Part of my issue with the book was that I was incredibly sick when I read it. My tolerance for keeping my eyes open lasted about an hour before my heavy eyelids begged to be closed. I believe that even in perfect condition, I would have found the letters tedious to read with the choice of wording provided.
I tend to always finish a book I’ve started, but it was a real challenge to finish this one. A great premise, but tedious in execution. Still, there were some passages that have stuck with me especially one about the human need for change. I no longer have my copy of the book, so I can’t plagiarize here, but to summarize Screwtape waxes on about how humans love change as a way to escape the monotony of their view of the world. However, the change can not be real and unexpected change. Instead we relish in the changes that are expected such as the seasons: each quarter of the year bringing an onslaught of new sensations, climate, plant life and life style. Yet, each year the seasons are the same: Winter begets Spring with Summer close on its heels and ending in another Fall. There are no surprises with each. The same brilliant foliage we stare at this fall will return the next.
In the end though, it wasn’t enough to salvage my opinion of the book as a whole.
My mom and I are doing this challenge together with each of us getting to pick the book for every other prompt. This was her turn.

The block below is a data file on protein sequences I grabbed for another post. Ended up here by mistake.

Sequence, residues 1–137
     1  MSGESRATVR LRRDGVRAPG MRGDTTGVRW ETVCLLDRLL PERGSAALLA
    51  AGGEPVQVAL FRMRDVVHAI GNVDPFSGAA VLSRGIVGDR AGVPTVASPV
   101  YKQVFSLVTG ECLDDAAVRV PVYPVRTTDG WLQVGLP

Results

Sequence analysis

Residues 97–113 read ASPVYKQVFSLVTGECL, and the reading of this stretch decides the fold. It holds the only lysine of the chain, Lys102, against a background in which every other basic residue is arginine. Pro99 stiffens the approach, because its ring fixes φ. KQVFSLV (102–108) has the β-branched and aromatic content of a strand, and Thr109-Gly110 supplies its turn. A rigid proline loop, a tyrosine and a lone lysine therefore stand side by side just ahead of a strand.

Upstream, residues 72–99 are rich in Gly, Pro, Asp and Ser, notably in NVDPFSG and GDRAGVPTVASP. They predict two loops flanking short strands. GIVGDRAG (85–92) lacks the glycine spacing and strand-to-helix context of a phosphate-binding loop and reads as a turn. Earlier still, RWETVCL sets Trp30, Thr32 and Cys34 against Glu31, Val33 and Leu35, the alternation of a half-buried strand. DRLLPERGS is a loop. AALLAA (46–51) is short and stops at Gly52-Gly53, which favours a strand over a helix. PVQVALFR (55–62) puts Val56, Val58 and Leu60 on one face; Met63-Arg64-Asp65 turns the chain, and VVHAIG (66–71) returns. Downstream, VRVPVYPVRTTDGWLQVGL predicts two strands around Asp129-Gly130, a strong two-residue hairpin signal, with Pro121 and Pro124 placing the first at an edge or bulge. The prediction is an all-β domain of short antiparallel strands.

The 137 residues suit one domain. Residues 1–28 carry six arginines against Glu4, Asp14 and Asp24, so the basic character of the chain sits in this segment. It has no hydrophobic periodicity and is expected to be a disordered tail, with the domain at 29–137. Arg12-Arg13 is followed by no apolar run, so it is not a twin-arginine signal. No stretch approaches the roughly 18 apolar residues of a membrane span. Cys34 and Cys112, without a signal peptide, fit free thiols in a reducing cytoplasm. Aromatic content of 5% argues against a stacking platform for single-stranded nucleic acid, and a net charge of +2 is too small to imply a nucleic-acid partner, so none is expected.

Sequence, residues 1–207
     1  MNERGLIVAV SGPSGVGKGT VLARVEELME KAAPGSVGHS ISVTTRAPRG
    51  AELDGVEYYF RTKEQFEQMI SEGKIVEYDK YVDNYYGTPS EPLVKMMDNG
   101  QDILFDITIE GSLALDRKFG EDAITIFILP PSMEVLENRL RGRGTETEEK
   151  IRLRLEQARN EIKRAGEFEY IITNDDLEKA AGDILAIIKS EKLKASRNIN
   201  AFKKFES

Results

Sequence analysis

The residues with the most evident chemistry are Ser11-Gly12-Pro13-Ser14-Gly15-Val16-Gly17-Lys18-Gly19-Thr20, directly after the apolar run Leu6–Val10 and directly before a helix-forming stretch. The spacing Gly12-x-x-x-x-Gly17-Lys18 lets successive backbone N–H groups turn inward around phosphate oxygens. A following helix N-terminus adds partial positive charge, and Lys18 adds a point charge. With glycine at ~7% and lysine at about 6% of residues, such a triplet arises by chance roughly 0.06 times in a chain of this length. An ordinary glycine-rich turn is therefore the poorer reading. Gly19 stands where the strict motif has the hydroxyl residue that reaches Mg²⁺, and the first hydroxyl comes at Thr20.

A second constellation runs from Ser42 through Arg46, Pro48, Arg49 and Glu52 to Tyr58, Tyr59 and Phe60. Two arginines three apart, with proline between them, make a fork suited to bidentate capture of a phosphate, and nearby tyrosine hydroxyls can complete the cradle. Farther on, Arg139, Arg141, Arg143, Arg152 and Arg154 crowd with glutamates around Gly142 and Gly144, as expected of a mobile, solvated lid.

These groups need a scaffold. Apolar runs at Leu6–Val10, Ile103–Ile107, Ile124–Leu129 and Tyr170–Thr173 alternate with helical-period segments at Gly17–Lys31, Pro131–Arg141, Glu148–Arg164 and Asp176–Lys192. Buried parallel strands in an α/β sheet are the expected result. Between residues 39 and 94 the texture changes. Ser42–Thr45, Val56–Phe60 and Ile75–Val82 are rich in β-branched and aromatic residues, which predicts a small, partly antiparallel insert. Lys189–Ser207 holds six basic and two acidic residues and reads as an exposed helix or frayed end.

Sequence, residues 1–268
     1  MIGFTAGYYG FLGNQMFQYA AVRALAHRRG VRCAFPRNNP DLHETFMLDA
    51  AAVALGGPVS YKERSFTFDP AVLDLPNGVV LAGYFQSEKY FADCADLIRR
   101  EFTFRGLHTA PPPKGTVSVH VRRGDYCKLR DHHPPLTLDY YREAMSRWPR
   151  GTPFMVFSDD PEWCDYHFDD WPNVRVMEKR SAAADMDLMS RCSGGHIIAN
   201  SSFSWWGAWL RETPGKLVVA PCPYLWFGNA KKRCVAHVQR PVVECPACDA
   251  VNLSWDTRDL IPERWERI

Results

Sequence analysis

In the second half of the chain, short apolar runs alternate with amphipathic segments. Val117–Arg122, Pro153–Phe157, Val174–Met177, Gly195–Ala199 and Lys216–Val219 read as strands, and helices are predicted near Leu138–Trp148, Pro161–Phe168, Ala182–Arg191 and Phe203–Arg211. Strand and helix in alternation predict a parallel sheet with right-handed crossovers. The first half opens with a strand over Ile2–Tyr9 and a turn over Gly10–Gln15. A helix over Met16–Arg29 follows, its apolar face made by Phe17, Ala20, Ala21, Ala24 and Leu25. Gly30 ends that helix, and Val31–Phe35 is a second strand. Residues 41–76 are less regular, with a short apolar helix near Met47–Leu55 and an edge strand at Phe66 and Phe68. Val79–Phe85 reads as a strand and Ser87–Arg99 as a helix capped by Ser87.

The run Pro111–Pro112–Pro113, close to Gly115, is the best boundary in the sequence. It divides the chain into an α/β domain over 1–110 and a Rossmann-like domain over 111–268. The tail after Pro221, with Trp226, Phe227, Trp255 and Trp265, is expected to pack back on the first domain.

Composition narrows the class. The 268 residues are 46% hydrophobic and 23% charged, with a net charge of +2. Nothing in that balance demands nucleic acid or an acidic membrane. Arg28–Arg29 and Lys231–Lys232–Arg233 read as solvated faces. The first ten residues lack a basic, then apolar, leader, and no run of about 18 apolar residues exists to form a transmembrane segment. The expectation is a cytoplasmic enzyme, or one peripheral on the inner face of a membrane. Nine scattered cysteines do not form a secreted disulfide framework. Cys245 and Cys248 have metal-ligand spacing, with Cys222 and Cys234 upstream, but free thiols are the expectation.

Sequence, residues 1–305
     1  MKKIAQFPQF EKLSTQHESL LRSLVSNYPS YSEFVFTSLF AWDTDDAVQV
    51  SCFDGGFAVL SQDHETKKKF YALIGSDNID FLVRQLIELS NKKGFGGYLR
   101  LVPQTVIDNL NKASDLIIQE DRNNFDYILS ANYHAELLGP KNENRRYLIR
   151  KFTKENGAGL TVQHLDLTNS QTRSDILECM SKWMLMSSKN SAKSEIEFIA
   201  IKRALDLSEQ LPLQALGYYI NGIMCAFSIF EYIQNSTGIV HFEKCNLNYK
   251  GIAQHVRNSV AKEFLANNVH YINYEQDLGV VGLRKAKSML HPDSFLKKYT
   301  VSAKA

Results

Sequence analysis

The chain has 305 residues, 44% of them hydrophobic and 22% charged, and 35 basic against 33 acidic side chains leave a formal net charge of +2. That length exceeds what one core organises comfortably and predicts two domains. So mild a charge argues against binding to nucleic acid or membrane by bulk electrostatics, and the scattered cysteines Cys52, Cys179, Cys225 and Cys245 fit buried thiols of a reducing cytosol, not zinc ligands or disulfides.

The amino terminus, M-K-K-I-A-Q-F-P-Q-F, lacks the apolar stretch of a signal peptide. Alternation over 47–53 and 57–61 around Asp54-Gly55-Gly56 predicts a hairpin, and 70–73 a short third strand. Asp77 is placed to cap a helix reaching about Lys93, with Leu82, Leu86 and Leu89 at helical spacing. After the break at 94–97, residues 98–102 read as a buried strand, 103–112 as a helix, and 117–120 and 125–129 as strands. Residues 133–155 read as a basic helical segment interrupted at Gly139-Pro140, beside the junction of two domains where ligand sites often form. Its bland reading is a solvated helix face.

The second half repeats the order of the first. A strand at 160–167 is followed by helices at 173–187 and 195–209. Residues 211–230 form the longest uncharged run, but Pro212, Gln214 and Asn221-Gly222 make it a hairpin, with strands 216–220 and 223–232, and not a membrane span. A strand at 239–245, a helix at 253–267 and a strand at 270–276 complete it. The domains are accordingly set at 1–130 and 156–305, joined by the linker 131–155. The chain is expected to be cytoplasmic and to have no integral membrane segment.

Book #2: A book that has been on your to read list for too long: Of Mice and Men by John Steinbeck.
I’m sure I probably read this in high school. Most people in the US are forced to read this and many others way before they are mature enough to comprehend the content. If I did though, I don’t recall and nothing in the book brought up any memories.
This book is an american classic and I can see why even though in the end I wouldn’t want to add it to my collection or read again.
Of Mice and Men is a heart breaking story about the intangible: dreams, friendship, and power.
The book is set in depression era California as two men try to find work as a ranch hand to earn “a stake”. They are a mismatched pair to be sure: George is slender, small of stature and big of mind while Lennie is a brute with the intelligence and naivete of a small child. They have one common dream that brings them together and draws other characters in and that is to have their own plot of land to farm and live off of with all the freedom it brings.